3
\$\begingroup\$

Photo editors have a number of blending modes: Normal, Lighten, Darken, Colour Burn, Multiply, and so forth.

I know the formula each of them applies to blend the layers, and that's fine for understanding exactly what each of these modes does, but I'm at a loss as to how to actually use them. What are some common uses of each of these modes? How can I use them to perform common tasks in photo editing?

I'm using Acorn 3.5.1, in case it matters.

\$\endgroup\$

1 Answer 1

0
\$\begingroup\$

First off: Even Andrew Kramer, king of After Effects, simply goes through all blending modes to find an appealing effect. So playing with them is a really good option.
There are common uses for some blending modes, though:

Screen and Add both make dark parts of the image transparent. (That is, the color from the layers below will show through dark parts.)
This is often used for explosions on a dark background, since you only want the bright parts of the explosion to show.
The difference between those two is that Add really adds brightness. If the bottom layers have a fairly bright spot and the layer on top (with the Add blending mode) is fairly bright in the same place, the result will get even brighter and might clip. With screen, you will simply see the brightest one - either the top layer or those below.

Multiply is the complement to Screen. Bright parts will become transparent. You can often use Multiply on a vignette layer (although I encourage you to experiment!). Substract is not used nearly as often as Add, but should have the opposite effect.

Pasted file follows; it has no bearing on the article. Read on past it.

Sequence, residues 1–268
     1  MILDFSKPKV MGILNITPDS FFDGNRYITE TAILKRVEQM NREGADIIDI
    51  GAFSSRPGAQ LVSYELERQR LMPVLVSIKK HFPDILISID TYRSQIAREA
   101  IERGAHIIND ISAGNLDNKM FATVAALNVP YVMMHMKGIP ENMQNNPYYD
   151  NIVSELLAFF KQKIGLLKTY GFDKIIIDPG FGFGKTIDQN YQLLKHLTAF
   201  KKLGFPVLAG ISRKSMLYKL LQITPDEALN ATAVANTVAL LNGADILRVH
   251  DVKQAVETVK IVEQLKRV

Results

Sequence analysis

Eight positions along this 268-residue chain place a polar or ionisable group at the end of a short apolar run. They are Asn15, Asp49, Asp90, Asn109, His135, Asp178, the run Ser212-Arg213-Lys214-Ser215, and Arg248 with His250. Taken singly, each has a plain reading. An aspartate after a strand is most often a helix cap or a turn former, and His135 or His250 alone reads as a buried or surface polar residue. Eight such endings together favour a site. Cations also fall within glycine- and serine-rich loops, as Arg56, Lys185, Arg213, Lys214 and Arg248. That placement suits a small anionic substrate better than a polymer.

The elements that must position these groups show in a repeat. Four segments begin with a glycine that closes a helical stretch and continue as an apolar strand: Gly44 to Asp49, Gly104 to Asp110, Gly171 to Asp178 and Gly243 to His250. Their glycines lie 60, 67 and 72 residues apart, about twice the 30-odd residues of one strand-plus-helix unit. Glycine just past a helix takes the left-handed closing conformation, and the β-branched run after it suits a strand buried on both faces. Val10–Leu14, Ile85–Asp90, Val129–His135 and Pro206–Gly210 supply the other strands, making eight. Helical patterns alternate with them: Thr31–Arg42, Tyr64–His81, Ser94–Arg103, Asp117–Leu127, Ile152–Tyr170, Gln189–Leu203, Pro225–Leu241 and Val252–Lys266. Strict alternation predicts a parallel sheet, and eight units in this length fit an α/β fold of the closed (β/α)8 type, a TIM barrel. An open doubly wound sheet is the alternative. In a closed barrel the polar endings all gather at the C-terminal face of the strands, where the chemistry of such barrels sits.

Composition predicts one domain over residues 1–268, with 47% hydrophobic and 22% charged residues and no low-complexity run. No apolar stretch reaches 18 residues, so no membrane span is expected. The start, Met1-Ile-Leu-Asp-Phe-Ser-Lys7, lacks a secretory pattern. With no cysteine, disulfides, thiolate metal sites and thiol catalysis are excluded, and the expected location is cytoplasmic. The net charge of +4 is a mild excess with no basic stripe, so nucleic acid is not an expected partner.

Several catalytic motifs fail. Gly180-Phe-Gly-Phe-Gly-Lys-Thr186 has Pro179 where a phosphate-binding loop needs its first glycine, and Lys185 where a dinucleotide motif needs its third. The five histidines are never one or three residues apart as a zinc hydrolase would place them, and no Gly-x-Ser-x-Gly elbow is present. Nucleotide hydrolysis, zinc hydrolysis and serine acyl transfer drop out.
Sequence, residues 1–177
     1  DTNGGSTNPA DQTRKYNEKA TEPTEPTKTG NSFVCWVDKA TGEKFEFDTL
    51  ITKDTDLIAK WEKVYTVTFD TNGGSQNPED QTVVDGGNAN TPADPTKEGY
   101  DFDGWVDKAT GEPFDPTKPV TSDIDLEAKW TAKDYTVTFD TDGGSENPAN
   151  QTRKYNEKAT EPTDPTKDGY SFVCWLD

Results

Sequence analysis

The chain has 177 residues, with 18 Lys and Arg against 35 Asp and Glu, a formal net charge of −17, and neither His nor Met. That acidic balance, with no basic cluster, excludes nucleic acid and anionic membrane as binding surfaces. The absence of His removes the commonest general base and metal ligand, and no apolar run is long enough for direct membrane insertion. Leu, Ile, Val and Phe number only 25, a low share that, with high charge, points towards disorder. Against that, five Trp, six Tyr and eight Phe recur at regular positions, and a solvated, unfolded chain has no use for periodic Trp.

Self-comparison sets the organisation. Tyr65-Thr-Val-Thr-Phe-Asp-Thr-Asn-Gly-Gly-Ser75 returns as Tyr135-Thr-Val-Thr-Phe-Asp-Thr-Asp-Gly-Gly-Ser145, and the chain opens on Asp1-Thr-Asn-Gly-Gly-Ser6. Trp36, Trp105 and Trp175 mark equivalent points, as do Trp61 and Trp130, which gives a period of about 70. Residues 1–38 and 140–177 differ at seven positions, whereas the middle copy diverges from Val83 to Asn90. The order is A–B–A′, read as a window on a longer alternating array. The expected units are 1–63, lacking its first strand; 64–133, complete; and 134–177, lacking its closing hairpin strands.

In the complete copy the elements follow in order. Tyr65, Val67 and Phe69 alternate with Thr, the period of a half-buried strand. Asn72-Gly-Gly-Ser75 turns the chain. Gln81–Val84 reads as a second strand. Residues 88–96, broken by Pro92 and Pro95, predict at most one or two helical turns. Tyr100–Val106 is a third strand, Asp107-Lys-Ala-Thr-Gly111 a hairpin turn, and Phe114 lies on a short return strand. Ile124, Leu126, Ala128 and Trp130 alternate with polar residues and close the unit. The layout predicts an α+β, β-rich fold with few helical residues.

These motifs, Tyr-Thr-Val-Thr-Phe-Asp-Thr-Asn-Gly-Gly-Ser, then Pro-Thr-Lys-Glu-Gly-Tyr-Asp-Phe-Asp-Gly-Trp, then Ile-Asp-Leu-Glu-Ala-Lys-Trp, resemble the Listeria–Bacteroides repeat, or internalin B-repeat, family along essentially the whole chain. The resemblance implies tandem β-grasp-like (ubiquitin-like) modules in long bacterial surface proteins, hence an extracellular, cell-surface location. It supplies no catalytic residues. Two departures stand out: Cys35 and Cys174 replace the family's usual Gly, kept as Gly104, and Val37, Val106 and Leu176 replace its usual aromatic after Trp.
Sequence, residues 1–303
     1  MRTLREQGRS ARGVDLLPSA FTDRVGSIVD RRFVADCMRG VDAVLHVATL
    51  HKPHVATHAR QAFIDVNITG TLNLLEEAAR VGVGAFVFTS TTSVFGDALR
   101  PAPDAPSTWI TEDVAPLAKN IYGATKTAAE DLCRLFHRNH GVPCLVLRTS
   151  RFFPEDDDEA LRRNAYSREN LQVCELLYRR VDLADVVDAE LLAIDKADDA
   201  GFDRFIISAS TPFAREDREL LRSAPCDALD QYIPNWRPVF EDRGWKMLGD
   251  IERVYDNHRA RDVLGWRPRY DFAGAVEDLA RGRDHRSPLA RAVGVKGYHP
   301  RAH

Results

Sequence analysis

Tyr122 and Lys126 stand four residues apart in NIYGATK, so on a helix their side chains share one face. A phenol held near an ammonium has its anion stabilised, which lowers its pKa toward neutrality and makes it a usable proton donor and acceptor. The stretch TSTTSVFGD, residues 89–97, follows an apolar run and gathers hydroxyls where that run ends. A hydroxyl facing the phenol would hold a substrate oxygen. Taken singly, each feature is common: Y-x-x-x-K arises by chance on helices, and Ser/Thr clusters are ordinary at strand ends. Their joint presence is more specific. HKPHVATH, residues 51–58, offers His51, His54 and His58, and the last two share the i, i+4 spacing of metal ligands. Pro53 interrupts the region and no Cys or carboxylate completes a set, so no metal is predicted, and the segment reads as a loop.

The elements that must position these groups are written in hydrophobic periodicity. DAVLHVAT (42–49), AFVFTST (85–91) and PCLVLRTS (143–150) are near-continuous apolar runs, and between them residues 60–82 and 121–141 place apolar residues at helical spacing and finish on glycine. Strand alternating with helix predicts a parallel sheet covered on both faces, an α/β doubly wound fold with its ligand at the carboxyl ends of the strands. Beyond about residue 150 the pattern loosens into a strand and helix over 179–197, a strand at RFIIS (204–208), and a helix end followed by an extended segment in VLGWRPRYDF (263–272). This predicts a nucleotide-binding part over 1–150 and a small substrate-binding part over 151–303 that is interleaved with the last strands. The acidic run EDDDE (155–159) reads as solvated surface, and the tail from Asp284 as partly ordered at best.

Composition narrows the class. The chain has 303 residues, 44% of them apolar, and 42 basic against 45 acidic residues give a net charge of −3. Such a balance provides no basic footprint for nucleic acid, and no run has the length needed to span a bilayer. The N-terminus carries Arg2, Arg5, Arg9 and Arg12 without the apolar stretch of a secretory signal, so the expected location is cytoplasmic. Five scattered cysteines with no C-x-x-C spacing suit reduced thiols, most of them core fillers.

Overlay acts similiar to Screen and Multiply but makes grey (50% brightness) transparent. Images of cracks for compositing purposes often come on a grey background, since you need the highlights and shadows simultaneously for a convincing effect. Apparently, Hard and Soft Light also eliminate grey, but have a stronger/weaker effect - just try them!

I also use the Difference mode to align layers. If, for example, I have two images that were shot on a tripod but do not align perfectly, I put the top one into Difference and nudge them around until I get an image that is as dark as possible.

Those are the blending modes you will use most commonly. But, as mentioned above, it is a good habit to play around by simply scrolling through them. Most of them are pretty specific and I do not really understand them, but sometimes Vivid Light just simply works best, or I choose Hard light rather than Overlay for a more 'dramatic' effect.

\$\endgroup\$

Not the answer you're looking for? Browse other questions tagged or ask your own question.